Why you need to review your stats regularly

I admit it; I have fallen out of the habit of reviewing my various stats on my websites and other content-oriented places. For many years I dutifully kept track of how my posts were doing, who was commenting, where backlinks were coming from, and so forth.

For some reason, I stopped doing this in the past year. Maybe it was just being lazy, maybe because I had gotten very busy with a lot of very interesting assignments. Maybe it was just old age: I have been writing stuff for more than 25 years, after all.

Well, all of those (and others) aren’t valid excuses. You need to check your stats, and check them regularly. There are lots of interesting things hidden in them that you might not realize, and some of these things can help you delivery better content, or target new audiences, or figure out what you are doing right (and do it more often) or wrong (and avoid or improve).

WordPress’ Jetpack delivers an annual email summary of your blog and its posts: this is a very useful reminder that you need to dive in deeper and see what is going on with your blog (or blogs, in my case). And Slideshare.net also has some great analytics. This service is a wonderful place to post PowerPoints of my presentations. Looking at these analytics, I would have found out:

  • Influence can be found in odd places. A post that I wrote for SoftwareAdvice.com about real-time retail store tracking was picked up by a blogger for the point-of-sale system Vend.com, that brought a bunch of visitors to my site back in the spring when I was quoted by their blogger. Could have been an opportunity to talk more about the subject.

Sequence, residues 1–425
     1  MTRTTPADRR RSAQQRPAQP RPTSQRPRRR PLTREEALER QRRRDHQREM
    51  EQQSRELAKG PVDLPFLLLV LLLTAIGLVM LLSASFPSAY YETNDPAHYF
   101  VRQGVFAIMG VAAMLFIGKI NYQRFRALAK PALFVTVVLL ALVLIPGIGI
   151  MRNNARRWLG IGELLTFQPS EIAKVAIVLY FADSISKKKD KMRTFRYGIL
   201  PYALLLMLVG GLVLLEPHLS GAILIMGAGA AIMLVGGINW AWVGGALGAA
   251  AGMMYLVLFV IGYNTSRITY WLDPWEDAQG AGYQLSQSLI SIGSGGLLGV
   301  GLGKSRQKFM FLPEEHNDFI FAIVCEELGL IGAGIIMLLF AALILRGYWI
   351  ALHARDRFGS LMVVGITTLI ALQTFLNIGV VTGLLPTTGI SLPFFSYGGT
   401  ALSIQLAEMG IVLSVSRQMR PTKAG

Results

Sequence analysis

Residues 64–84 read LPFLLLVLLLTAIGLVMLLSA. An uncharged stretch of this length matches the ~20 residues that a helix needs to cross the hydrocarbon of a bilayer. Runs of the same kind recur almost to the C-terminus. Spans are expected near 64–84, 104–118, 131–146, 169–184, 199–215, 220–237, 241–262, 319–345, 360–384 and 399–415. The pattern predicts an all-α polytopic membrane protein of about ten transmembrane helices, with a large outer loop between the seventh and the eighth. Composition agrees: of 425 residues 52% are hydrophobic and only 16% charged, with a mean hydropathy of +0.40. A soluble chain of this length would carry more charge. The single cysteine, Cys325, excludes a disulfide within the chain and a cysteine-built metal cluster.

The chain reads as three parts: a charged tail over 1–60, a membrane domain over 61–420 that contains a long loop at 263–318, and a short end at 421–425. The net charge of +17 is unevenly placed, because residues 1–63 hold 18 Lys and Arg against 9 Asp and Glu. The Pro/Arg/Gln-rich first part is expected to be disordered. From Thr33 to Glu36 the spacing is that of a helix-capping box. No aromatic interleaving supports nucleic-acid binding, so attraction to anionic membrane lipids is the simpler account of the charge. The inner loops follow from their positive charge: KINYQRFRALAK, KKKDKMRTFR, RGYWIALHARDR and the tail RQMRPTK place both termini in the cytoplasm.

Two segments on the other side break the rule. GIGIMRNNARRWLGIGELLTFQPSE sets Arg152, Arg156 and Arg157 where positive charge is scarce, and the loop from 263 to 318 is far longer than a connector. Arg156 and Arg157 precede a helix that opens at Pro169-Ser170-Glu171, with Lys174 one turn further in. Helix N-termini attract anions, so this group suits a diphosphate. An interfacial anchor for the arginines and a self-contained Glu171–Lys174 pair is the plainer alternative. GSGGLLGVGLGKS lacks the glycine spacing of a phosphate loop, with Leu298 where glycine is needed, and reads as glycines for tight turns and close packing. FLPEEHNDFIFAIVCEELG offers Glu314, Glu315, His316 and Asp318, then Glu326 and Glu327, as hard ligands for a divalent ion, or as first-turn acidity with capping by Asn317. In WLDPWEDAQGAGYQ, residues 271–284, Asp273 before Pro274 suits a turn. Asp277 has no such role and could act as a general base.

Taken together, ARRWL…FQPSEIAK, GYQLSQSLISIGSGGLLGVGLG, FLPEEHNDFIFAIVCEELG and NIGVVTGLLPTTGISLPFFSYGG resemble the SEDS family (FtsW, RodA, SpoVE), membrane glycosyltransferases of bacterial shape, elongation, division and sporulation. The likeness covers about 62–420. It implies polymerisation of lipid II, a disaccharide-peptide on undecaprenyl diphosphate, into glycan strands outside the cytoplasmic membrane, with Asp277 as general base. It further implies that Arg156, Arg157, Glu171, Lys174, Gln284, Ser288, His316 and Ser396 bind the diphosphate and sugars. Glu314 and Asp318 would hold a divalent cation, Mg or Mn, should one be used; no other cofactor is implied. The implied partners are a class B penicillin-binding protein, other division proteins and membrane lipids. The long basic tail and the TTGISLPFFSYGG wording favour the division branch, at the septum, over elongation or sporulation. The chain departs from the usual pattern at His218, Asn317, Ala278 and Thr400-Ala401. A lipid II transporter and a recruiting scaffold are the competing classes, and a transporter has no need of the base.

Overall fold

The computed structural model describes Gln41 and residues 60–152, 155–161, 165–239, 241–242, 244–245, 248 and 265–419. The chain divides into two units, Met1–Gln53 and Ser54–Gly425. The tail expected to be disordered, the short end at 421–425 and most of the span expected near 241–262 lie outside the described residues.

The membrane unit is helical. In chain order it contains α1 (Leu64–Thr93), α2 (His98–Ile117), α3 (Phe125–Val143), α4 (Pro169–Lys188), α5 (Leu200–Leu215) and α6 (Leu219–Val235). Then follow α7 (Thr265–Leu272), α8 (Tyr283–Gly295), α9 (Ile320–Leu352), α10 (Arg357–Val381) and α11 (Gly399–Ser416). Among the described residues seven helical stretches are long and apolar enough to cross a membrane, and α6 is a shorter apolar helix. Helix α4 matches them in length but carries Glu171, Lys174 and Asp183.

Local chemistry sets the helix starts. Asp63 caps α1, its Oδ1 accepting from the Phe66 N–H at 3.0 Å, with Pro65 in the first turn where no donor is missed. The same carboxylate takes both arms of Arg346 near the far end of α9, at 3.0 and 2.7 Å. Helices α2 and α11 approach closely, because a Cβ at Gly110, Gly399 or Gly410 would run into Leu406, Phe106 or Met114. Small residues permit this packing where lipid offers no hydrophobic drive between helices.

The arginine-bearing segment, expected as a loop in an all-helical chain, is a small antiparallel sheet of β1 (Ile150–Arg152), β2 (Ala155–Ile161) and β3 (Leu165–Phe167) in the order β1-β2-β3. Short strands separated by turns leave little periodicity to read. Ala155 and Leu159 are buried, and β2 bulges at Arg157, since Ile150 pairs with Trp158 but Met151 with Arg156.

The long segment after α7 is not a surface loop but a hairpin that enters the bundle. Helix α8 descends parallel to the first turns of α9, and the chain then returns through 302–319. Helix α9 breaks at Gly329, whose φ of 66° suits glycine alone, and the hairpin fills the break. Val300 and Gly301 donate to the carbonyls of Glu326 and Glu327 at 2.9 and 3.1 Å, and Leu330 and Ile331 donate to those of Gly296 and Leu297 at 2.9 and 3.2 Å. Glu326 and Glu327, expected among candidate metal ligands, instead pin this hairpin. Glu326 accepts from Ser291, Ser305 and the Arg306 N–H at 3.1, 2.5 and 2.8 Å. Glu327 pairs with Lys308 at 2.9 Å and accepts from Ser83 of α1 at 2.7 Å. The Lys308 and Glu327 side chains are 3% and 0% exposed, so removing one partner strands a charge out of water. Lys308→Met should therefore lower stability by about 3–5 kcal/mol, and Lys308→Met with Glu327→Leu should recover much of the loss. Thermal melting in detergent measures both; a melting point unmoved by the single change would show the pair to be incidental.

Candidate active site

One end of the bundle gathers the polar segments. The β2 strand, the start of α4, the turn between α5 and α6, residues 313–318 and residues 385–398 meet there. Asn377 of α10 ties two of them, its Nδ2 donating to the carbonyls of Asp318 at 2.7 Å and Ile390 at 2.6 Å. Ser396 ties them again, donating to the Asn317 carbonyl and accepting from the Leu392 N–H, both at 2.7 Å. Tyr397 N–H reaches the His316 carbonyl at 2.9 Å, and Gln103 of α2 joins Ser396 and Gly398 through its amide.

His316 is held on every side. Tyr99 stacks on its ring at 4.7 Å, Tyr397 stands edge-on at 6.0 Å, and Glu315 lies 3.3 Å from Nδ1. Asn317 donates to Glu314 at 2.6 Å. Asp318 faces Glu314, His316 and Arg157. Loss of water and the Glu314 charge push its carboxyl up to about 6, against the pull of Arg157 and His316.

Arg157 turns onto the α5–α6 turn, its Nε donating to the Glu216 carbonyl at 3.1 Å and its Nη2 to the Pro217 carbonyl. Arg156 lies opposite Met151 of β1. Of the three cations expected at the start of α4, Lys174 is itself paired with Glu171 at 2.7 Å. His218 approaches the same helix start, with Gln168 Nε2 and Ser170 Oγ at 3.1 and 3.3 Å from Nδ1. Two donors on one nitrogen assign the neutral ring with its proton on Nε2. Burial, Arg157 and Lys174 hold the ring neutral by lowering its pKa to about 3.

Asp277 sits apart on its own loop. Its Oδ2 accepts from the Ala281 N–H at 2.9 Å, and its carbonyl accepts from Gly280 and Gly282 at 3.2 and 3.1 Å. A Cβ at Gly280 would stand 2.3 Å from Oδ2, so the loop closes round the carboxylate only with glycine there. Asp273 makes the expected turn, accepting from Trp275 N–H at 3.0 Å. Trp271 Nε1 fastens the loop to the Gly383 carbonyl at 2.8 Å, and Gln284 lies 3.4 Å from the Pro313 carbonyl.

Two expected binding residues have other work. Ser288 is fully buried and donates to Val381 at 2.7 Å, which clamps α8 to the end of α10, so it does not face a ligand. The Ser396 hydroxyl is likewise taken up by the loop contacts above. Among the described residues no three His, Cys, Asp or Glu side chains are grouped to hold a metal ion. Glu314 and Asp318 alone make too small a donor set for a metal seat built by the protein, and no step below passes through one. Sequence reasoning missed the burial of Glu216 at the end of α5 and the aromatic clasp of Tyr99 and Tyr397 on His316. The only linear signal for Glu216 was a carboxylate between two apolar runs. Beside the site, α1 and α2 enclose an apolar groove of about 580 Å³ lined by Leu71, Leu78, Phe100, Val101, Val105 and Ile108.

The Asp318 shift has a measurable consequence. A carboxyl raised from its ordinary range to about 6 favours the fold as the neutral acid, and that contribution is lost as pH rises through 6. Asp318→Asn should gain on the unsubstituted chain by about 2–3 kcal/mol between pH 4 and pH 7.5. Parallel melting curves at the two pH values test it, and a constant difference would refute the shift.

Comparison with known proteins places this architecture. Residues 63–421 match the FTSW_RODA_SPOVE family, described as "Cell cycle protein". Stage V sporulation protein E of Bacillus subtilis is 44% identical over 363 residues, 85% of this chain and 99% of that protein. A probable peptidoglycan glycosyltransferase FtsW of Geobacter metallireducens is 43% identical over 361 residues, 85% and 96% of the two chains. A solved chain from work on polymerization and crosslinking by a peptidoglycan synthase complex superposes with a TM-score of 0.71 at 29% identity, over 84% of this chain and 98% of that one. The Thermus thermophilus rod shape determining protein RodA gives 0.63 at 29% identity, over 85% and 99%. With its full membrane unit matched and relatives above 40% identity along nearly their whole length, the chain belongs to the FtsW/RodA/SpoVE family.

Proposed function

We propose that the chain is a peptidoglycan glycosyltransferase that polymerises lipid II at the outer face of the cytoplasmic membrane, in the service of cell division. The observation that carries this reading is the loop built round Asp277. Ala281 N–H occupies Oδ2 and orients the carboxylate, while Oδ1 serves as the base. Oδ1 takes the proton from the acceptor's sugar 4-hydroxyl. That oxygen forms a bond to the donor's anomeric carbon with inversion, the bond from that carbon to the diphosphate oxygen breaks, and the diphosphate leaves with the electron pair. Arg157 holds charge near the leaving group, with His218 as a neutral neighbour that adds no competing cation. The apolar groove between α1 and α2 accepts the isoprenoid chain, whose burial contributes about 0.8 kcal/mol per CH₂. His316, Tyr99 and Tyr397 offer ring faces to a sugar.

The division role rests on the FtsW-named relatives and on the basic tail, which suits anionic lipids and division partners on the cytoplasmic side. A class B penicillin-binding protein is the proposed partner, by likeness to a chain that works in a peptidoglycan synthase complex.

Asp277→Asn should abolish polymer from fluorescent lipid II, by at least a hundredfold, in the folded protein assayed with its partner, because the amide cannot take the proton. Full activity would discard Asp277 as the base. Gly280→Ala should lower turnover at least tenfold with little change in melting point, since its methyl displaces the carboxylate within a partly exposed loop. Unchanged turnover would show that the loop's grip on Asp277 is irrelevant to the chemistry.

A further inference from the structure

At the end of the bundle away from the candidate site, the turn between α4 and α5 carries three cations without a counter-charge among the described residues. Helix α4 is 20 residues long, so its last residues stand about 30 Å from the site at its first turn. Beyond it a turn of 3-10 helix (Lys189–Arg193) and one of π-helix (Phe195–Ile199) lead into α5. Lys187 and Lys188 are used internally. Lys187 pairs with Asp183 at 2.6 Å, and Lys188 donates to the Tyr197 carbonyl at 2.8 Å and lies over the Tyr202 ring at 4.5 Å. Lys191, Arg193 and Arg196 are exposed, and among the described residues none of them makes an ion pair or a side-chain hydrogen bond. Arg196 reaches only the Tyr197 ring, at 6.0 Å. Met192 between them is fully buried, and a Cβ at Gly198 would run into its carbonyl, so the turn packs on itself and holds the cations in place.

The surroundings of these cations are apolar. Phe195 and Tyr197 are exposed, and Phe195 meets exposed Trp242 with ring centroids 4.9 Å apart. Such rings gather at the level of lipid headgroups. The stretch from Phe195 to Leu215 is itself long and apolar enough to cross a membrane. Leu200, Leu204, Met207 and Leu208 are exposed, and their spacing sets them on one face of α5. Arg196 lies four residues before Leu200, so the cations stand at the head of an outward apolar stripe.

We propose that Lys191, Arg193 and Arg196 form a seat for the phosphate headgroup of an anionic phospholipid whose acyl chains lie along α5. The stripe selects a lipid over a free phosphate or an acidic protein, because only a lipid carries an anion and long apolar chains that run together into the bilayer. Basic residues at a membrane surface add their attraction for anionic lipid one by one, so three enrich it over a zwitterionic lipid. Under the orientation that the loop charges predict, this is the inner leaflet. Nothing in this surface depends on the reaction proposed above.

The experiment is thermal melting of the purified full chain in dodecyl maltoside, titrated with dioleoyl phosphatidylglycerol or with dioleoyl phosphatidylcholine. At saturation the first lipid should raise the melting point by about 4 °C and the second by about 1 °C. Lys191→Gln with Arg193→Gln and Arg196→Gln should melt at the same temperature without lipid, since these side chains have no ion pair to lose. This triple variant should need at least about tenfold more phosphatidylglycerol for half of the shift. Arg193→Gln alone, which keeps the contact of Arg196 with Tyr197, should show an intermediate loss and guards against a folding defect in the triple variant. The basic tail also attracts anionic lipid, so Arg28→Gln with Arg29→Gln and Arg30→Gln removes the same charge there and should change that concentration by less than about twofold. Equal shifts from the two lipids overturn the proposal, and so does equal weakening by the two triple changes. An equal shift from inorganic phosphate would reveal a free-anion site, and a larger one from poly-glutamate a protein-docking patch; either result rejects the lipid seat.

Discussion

• Don’t knock the long tail. I am still the leading expert on a very obscure Windows error message: if you were to Google “Windows Media Player error c00d11b1” you will see my post in the first ten or so results. The post has received more than 380,000 views in the more than eight years since I wrote it, and it is still getting comments on my blog and links in the Microsoft forums too. Why is this important? All this traffic on a very specific subject can help raise your Google ranking, and also provide an entry point into your content ecosystem if you manage it properly.
  • My influence beyond North American borders is somewhat quirky. The second most-visited place of origin for my Slideshare.net account is Ukraine, with about half the views from the US over the past year. Again attesting to the very long tail, a good chunk of these views came from a presentation that I posted five years ago on how to set up your first blog and business email. (That kind of makes sense.) For my blog, other popular countries of origin for my visitors were India and Brazil. Don’t forget the rest of the world when you are posting your content and widen your perspective to engage more of these readers.
  • Twitter and Facebook were both important traffic drivers for my blog over the past year. This emphasizes how critical your own social media accounts are and how you need to cross-link posts among them. Combined the two were equal to the traffic brought in from Google organic searches, which is another important element in referring traffic too. Don’t just post blog entries on your blog: I have begun cross-posting my content on LinkedIn Pulse and Medium and they are getting a fair share of views there too. The analytics for those sites could be better though: for example, Medium only allows you to look at month-long intervals at a time and Pulse will only send you static results in regular email summaries.

There are lots of Twitter analytic tools, and some that are quite pricey. One that I like that has a free version is TwitterCounter, including who unfollowed and followed you over time. For example, I got excited this week to see that the actor Taye Diggs followed me (he has been following my wife’s Tweets for some time) but our local mayor dropped me (oh well). You can see the kind of graphs it produces such as this, which to me indicate a fairly steady stream of new followers replacing the drop-offs with a slow overall growth:

twittt

Happy new year and may your stats encourage you to deliver better content in 2015!

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